Postoperative complications were observed in 22 (53.7%) patients. The most common complications were ascites (46.3%), postoperative hemorrhage (22.0%) and wound infection (12.2%). Intra-abdominal abscess developed in one (2.4%) patient who had undergone open gastrectomy. Massive ascites occurred in 4 (9.8%) patients. Of the patients who underwent open gastrectomy, nine (21.9%) patients required blood transfusions as a result of postoperative hemorrhage. However, most of these patients had advanced gastric cancer. In contrast, most patients who underwent laparoscopic gastrectomy had early stage gastric cancer, and when the confounding effect from the different stages between the two groups was corrected statistically, no statistically significant difference was found. There was also no significant difference between open and laparoscopic gastrectomy in the occurrence rate of other postoperative complications such as ascites, wound infection, and intra-abdominal abscess. No postoperative mortality occurred.
Conclusions
Laparoscopic gastrectomy is a feasible surgical procedure for patients with moderate hepatic dysfunction.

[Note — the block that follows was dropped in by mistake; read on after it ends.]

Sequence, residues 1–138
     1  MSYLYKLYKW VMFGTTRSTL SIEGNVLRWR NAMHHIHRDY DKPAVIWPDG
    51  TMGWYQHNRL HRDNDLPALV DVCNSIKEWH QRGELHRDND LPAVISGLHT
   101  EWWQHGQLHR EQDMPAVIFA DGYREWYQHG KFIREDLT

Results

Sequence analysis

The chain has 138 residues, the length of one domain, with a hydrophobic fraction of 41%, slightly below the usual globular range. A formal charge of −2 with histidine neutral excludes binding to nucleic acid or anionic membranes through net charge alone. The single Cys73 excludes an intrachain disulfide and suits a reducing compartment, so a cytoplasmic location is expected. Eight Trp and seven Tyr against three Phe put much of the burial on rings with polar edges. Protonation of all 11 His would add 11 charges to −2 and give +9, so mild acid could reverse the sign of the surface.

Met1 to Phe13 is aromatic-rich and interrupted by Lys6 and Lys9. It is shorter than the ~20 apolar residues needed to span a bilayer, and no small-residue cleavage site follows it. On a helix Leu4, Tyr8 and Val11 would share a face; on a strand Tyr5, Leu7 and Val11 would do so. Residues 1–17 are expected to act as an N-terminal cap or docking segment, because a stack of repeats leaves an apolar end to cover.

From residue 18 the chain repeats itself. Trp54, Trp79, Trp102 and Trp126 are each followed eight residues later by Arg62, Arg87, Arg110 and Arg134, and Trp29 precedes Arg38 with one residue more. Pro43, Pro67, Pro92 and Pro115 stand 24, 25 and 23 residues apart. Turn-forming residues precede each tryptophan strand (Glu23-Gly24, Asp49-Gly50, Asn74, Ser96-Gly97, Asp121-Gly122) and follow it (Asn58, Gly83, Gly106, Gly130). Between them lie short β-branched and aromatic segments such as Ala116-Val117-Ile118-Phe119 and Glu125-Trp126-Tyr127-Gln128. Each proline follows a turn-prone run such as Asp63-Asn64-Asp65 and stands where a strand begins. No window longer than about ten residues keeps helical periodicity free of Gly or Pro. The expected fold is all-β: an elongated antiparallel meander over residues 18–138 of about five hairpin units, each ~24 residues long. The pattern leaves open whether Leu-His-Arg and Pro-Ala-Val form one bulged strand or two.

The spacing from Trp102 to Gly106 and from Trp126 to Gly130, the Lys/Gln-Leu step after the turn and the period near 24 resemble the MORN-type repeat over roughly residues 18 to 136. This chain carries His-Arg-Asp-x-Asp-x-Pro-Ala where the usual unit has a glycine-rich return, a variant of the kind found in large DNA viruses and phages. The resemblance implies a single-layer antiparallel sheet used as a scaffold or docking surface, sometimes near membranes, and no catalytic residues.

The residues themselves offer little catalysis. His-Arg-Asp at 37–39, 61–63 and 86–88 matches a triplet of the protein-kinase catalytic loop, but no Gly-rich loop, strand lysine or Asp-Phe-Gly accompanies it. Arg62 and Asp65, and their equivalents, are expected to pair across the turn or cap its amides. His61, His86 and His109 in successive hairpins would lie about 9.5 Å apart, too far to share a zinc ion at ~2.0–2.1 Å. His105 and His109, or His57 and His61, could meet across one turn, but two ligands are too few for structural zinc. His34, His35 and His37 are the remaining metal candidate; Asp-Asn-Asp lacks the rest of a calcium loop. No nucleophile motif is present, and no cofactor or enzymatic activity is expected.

doi:10.5230/jgc.2013.13.4.207
PMCID: PMC3915182  PMID: 24511416
Stomach neoplasms; Liver cirrhosis; Gastrectomy
3.  Preoperative predictors of malignant gastric submucosal tumor 
Purpose
The preoperative prediction of malignant potential in patients with gastric submucosal tumors (SMTs) plays an important role in decisions regarding their surgical management.
Methods
We evaluated the predictors of malignant gastric SMTs in 314 patients with gastric SMTs who underwent surgery in Chonnam National University Hospital.
Results
The malignant SMTs were significantly associated with age (odds ratio [OR], 1.067; 95% confidence interval [CI], 1.042 to 1.091; P < 0.0001), presence of central ulceration (OR, 2.690; 95% CI, 1.224 to 5.909; P = 0.014), and tumor size (OR, 1.791; 95% CI, 1.483 to 2.164; P < 0.0001). Receiver operating characteristic curve analysis showed that tumor size was a good predictor of malignant potential. The most relevant predictor of malignant gastric SMT was tumor size with cut-offs of 4.05 and 6.40 cm.
Conclusion
Our findings indicated that age, central ulceration, and tumor size were significant preoperative predictors of malignant SMTs. We suggest that 4 cm be selected as a threshold value for malignant gastric SMTs. In patients with a gastric SMT larger than 4 cm with ulceration, wide resection of the full thickness of the gastric wall or gastrectomy with adequate margins should be performed because of its malignant potential.